“Van Eyck presents a remarkably detailed description of the complex architectural details of the Gothic Tower. …It seems that Van Eyck had firsthand knowledge,” (145).
In this quote we understand that Van Eyck used reference in his works. The artist’s attention to detail shows that he had specific imagery in mind and researched it thoroughly before transferring it onto his canvas. Van Eyck had most likely already been to this location, or went there specifically with this painting in mind. By painting specifics of a building, Van Eyck has created an image easily recognized.
Till-Holger Borchert, ed. Van Eyck to Durer- The Influence of Early Netherlandish Painting on European Art. New York: Thames & Hudson Inc., 2011. Print.
“The Impression of reality might be further enhanced by the use of naturalistic settings…and the introduction of devices such as fictive frames…introducing deliberate special ambiguities which blurred the boundaries between the real and painted world,” (201)
This quote shows the techniques Van Eyck used in order to create a realistic painting. By putting his subjects in believable spaces, the viewer takes the painting as truth. Portrait paintings seem more natural if the subject of the painting is in a home-like setting. In the paintings, the subject could be sitting in any room of any home, and look like they belonged in that location. By paying attention to the setting, the artist was able to create a painting that feels like a window into another room of a home.
Nuttall, Paula. “Lacking Only Breath.” The Age of Van Eyck: The Mediterranean World and Early Netherlandish Painting. Ed. Till-Holger Borchert. London: Thames & Hudson Ltd., 2002. Print.
“it is also true that the myriad of objects detailed in van Eyck’s works seem to have been painted with remarkable skill and accuracy. We believe he must have carefully studies these things, so vivid is their portrayal. In turn, it seems logical to assume his depiction of the larger world was rendered with equal care, and that he based his settings on actual locations. But although it is clear he studied specific interiors as well as landscapes, it is not all certain he ever portrayed a real scene or interior in its entirety. Scholars have combed Europe looking for the church interiors and landscapes that appear in some of his paintings. All to no avail. Van Eyck’s paintings do not present precise locales, nor specific historical events. However much he may have based them on visual observation, they are not documentary records of his world,” (13).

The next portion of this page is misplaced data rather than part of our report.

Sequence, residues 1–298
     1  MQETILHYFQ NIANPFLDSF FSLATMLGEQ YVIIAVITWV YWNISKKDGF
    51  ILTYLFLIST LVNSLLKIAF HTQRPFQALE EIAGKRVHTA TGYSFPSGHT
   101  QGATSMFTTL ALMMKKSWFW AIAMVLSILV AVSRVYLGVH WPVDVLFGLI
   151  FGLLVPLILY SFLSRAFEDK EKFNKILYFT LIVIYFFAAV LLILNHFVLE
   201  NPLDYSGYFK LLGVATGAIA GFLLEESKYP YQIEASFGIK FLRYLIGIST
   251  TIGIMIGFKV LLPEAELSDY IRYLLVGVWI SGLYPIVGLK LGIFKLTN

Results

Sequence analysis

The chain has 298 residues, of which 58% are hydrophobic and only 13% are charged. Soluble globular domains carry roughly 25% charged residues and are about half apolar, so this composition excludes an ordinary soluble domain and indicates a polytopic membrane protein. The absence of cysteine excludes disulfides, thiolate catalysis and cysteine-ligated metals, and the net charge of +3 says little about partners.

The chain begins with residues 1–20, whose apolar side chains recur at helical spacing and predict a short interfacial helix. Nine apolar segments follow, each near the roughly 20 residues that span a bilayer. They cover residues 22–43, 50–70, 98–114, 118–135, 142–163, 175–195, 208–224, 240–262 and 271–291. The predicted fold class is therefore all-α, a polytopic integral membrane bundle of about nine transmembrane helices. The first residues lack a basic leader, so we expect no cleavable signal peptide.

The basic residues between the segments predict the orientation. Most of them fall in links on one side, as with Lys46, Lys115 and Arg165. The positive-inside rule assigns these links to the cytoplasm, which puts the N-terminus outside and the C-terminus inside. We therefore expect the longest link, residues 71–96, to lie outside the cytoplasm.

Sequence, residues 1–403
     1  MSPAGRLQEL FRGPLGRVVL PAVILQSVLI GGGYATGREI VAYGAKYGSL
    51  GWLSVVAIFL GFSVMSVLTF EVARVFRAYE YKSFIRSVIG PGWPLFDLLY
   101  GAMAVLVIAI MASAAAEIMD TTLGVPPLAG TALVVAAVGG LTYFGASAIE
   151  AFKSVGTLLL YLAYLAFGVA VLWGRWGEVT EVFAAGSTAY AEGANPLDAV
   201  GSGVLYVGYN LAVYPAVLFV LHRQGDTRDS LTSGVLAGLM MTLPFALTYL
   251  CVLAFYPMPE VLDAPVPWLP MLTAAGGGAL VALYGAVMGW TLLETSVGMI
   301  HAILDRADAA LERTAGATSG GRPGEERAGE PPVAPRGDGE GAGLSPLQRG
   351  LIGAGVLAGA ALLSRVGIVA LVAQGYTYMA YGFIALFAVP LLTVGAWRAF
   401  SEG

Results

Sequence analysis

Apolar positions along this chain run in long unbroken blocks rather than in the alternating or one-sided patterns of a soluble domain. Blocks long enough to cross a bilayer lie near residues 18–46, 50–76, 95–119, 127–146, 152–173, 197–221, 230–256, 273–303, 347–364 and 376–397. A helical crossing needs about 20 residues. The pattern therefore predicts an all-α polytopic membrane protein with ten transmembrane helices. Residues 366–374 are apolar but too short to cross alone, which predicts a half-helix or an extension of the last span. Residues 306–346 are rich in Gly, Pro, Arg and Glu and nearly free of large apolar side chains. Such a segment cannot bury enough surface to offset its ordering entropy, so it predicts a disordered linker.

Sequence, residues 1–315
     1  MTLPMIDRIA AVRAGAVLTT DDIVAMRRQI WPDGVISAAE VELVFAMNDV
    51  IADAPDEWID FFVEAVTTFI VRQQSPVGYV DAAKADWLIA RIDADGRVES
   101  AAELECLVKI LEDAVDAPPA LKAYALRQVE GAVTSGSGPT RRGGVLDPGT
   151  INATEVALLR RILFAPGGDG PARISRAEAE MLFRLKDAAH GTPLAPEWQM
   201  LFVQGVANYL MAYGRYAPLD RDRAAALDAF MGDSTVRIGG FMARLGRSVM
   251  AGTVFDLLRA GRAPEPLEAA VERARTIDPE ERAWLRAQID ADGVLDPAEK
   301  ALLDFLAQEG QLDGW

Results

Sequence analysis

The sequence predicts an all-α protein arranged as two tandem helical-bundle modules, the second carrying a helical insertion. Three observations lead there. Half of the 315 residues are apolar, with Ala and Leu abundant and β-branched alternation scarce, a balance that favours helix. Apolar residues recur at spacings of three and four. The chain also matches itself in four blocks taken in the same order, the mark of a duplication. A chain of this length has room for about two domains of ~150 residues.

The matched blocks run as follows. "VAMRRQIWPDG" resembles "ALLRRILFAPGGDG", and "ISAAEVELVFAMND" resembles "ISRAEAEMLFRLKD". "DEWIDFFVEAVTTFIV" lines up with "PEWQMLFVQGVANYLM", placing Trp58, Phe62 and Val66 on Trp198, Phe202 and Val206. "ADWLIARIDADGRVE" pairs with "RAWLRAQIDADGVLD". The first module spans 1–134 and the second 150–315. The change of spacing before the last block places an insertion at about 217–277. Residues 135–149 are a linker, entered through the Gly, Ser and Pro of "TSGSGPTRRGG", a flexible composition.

This passage explains how Van Eyck was able to fool the eye into believing in a fictitious space simply by making the space a realistic as possible. This shows that every scene does not have to be painted exactly how it is seen, as long as everything in the piece is depicted exactly how it appears where it was originally found. With every object being so realistic, the viewer does not question whether or not they are looking at a real scene or location, since everything they are looking at appears believable. Through this technique, Van Eyck was able to have more artistic freedom while still being able to paint in his highly realistic style.
Harbison, Craig. Jan Van Eyck; the Play of Realism. London: Reakton Books Ltd., 1991.
“But in the portrait of 1433 the light is more brilliant and the shade is deeper. The two effect not only a more vivid illusion of space and substance but also a marvelously subtle variation of plane, particularly at the temple and around the mouth and near eyes. … Jan has, for the first time, painted with exquisite skill a network of small reddis capillaries,” (138).
[ Van Eyck, Jan. Man in a red Turban. 1433. National Gallery, London. ARTstor Collection. Web. 31 Mar. 2013.]
The little details are what matters most when painting realistically. Tiny traits such as wrinkles, freckles and capillaries separates a painting of a figure from a portrait of a person. It is in these little detail that Van Eyck creates his hyper-realistic painting and creates the feeling of life in his works. He pays attention to every aspect of his subject and translates that onto the canvas.
Meiss, Millard. 'Nicholas Albergati' and the Chronology of Jan van Eyck's Portraits. The Burlington Magazine, Vol. 94, No. 590 (May, 1952), pp. 137-146. The Burlington Magazine Publications Ltd. Web. 3 Mar. 2013.
“The thesis advanced here is that, in addition to making use of overt symbols and easily recognized embedded ones, in six of his most important paintings Van Eyck devised symbols to be discovered only during the process of prolonged meditation,” (12)
[Van Eyck, Jan. The Arnolfini Portrait. 1434. National Gallery, London. ARTstor Collection. Web. 30 Mar. 2013.]
Van Eyck was a master at subtle and small details. By adding layers of symbolism and small traits to the paintings, he made them more interesting and gave them more of their own life. The artist creates a gripping interest in his piece by forcing the viewer to inspect every aspect of the piece in order to see it in its entirety.
Ward, John L. Disguised Symbolism as Enactive Symbolism in Van Eyck's Paintings. Artibus et Historiae, Vol. 15, No. 29 (1994), pp. 9-53. IRSA. Web. 3 Mar. 2013